Another guided tour with David – we meandered through his village and up the river saying hello to everyone we met (close to a hundred?) and photographed nearly everyone in the entire village at David’s request, with the thought that I would eventually burn and send him a DVD of the images to share with the villagers for an evening’s entertainment thanks to the communal generator.  I printed out some 30 snapshots before we left and will work on the DVD when I get home – presumably the address is David, Dillons Bay, Erromango, Vanuatu!  The ladies had been cooking a feast of laplap, Vanuatu’s national dish, a mixture of root vegetables (taro, manioc and yams) plus coconut milk and meat, wrapped in green leaves, tied into parcels with vines, and baked in a ground oven under hot stones.  They saved us a bundle to take back to the boat for dinner – actually it was quite good, especially with the grilled filet Rod had brought from New Zealand.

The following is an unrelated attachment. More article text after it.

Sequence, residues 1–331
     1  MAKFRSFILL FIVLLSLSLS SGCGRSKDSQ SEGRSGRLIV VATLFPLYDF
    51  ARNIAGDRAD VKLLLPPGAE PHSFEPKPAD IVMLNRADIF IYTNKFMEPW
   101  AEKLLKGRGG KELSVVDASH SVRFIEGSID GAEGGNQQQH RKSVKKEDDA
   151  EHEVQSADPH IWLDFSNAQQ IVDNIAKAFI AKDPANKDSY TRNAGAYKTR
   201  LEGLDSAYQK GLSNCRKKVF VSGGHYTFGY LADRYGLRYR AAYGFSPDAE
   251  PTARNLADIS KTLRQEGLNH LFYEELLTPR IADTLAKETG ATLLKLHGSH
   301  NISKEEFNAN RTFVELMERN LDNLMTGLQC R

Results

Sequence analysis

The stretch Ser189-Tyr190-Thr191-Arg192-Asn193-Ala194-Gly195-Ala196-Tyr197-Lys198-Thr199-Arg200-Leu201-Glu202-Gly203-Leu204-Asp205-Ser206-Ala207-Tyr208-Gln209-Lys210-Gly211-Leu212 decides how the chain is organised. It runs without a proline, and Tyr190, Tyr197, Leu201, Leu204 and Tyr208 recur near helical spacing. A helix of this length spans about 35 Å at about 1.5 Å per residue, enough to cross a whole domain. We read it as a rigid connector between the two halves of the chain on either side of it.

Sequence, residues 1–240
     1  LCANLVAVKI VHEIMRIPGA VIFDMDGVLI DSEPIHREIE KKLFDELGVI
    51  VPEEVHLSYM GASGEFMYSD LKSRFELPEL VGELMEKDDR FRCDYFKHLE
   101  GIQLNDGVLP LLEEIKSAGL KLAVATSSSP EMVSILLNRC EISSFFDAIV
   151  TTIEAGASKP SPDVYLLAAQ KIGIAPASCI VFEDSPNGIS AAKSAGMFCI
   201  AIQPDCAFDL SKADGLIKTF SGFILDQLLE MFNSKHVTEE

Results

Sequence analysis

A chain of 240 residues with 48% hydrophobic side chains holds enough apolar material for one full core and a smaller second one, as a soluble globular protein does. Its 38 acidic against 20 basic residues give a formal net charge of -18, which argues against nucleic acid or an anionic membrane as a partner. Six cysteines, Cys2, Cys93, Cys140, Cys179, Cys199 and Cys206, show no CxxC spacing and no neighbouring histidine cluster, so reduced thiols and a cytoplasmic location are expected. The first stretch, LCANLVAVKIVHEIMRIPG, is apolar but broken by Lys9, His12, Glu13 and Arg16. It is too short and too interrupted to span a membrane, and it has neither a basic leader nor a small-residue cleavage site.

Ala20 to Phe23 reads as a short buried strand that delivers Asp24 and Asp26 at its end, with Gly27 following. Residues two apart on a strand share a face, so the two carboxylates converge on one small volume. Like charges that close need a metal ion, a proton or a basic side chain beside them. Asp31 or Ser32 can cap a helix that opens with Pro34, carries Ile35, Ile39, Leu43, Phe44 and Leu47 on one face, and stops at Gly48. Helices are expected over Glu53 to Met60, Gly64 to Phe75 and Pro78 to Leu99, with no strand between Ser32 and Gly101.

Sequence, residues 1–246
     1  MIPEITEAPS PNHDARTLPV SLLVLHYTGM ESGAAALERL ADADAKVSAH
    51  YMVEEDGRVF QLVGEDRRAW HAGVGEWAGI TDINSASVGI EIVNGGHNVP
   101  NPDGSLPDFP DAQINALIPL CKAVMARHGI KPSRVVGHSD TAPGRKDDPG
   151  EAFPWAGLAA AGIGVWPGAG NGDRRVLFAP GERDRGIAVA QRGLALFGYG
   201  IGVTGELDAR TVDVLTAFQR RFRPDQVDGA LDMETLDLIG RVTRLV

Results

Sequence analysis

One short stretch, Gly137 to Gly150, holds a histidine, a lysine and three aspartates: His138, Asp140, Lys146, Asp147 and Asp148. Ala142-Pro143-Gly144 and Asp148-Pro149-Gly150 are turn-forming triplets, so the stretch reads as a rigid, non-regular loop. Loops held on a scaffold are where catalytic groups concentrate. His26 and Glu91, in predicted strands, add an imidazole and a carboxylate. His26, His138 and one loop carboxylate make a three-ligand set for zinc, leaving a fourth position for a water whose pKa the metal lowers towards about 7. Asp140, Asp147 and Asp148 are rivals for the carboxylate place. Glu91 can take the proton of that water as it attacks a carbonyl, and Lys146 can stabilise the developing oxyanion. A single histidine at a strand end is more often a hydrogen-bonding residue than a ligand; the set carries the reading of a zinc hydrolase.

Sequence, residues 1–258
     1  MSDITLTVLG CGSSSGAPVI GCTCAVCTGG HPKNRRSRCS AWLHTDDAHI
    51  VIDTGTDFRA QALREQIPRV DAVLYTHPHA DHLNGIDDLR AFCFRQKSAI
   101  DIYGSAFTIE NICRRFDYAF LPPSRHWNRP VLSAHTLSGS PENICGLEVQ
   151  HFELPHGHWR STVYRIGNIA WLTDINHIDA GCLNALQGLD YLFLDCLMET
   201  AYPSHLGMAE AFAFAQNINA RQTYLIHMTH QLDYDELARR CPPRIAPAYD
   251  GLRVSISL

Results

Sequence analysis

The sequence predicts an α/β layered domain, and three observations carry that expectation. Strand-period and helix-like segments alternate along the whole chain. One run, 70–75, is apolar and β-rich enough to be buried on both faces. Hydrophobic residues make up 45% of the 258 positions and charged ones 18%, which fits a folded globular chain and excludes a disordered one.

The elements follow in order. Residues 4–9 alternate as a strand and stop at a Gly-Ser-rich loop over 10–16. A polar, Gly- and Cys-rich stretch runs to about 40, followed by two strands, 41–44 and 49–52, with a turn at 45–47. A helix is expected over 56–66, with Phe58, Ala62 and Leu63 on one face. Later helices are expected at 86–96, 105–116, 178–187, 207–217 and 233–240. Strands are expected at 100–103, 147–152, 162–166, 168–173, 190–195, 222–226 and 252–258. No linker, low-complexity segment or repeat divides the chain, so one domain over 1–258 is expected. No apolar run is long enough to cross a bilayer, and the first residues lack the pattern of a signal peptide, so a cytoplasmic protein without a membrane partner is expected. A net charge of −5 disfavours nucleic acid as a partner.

A couple of outstanding scuba dives at Erromango – fingers of limestone reaching out into the sea are covered with a healthy tapestry of all kinds of coral and reef growth, winding gullies separating each finger of reef.  We saw several turtles including one who let us approach within arm’s length and a huge solitary dogfin tuna in the deeper water.

A pod of spinner dolphins lives in Dillons Bay and we could see them at all hours of every day, gently cruising in the shallow water, splashing and playing, sometimes leaping full out of the water and spinning (longitudinally, the only variety of dolphin that spins along its axis instead of somersaulting fore and aft).  Mike and I spent a couple of hours one day snorkeling in their vicinity – our strategy not to swim towards them but float quietly by the reef; as a result they would approach reasonably close to us.  We could see their fins and hear them breathe if we raised our masks out of the water to peer along the surface, and twice they came by underwater close enough for us to see their bodies flash by in the blue depths.